Autumnal Equinox

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It is officially fall across Northeast Kansas! The autumnal equinox happened this past Sunday at 3:44p. The word “equinox” is derived from a Latin word that means “equal night.” And, rightfully so. This time of the year, days and nights are just about the same in length, but nights become progressively longer until the winter solstice – December 21.

Here’s another way to look at the start of fall: The exact moment when the Sun moves across the imaginary line (celestial equator) between the Northern and Southern Hemispheres. This means that it’s spring in places like Australia! The following graphic should help illustrate this.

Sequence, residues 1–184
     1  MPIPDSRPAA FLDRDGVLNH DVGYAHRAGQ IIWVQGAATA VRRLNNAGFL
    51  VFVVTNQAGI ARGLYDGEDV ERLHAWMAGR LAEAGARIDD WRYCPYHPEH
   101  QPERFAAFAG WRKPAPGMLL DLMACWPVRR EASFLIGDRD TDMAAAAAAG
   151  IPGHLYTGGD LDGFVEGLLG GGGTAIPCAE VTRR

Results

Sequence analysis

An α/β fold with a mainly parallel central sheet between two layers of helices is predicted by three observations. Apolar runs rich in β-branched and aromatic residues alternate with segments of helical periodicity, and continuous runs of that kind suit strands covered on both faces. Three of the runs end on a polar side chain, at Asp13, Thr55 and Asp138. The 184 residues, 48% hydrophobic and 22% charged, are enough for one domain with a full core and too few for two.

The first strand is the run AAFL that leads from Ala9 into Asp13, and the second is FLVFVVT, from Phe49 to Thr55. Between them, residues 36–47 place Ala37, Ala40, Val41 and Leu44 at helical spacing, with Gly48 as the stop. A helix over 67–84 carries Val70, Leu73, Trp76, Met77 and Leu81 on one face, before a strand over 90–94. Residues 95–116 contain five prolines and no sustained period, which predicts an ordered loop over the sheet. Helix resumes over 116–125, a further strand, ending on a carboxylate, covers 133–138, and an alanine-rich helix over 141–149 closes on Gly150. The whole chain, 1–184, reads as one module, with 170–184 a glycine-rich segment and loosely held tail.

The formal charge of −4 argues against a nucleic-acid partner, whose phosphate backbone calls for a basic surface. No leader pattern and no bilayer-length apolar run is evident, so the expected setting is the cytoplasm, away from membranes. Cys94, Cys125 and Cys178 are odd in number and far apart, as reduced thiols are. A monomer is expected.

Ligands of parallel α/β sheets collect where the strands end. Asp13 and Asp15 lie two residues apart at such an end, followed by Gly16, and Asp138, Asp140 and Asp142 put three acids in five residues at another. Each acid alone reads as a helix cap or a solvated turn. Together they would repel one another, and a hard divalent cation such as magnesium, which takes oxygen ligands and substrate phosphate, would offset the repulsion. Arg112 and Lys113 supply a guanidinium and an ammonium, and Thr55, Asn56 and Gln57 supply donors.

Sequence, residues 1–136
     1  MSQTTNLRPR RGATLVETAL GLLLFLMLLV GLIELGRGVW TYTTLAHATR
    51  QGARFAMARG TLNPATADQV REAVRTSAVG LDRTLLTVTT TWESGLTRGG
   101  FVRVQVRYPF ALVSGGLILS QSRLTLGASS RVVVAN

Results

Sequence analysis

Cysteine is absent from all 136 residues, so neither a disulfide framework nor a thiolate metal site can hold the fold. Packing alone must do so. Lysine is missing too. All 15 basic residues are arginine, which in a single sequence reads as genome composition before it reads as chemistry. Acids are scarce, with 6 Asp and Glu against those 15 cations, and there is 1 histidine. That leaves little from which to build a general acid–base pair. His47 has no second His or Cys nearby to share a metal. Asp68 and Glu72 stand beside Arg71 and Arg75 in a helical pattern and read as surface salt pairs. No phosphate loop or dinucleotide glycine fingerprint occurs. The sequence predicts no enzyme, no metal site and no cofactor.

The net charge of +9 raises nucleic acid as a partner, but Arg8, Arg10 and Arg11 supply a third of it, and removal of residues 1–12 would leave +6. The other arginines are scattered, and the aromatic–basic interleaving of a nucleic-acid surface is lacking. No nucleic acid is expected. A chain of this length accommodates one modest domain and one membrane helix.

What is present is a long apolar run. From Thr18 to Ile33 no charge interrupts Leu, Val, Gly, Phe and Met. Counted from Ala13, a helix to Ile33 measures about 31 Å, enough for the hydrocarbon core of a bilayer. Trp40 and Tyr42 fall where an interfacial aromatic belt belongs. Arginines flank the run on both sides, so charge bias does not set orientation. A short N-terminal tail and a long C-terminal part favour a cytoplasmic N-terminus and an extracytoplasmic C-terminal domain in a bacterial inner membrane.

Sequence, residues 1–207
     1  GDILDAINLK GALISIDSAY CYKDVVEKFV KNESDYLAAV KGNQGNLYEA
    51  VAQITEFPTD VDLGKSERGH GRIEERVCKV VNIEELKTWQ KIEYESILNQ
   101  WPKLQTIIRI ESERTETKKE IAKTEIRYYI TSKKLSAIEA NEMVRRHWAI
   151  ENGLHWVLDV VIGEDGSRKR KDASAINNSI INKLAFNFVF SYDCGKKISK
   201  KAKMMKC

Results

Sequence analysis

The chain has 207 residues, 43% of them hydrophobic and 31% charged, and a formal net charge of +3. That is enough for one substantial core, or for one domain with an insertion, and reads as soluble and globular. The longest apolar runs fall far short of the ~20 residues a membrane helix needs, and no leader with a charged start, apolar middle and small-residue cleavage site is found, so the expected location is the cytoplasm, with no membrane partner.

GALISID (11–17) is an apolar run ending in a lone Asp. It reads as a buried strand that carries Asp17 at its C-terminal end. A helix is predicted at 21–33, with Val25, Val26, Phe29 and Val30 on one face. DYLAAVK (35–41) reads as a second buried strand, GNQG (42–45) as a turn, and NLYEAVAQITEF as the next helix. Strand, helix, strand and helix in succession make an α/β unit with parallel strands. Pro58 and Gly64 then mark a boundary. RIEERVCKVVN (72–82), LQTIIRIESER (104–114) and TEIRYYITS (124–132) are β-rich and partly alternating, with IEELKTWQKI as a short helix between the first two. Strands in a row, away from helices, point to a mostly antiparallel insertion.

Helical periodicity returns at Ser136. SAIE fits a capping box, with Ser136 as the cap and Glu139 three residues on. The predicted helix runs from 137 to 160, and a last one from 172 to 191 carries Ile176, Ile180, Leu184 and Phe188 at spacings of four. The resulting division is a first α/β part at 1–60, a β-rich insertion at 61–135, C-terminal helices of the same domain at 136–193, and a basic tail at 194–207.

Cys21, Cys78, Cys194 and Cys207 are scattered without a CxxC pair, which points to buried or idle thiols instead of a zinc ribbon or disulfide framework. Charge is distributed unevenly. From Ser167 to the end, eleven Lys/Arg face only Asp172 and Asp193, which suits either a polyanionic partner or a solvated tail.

sun_year

The autumnal equinox usually occurs on September 22nd or 23rd. But, in 1931, the it occurred on September 24. This happened because the Gregorian calendar actually doesn’t match up perfectly with the position of Earth in its orbit around the Sun. The autumnal equinox will not happen on September 24 again, until 2303.

– Kansas First News Storm Track Meteorologist, Kyle Borchert

 

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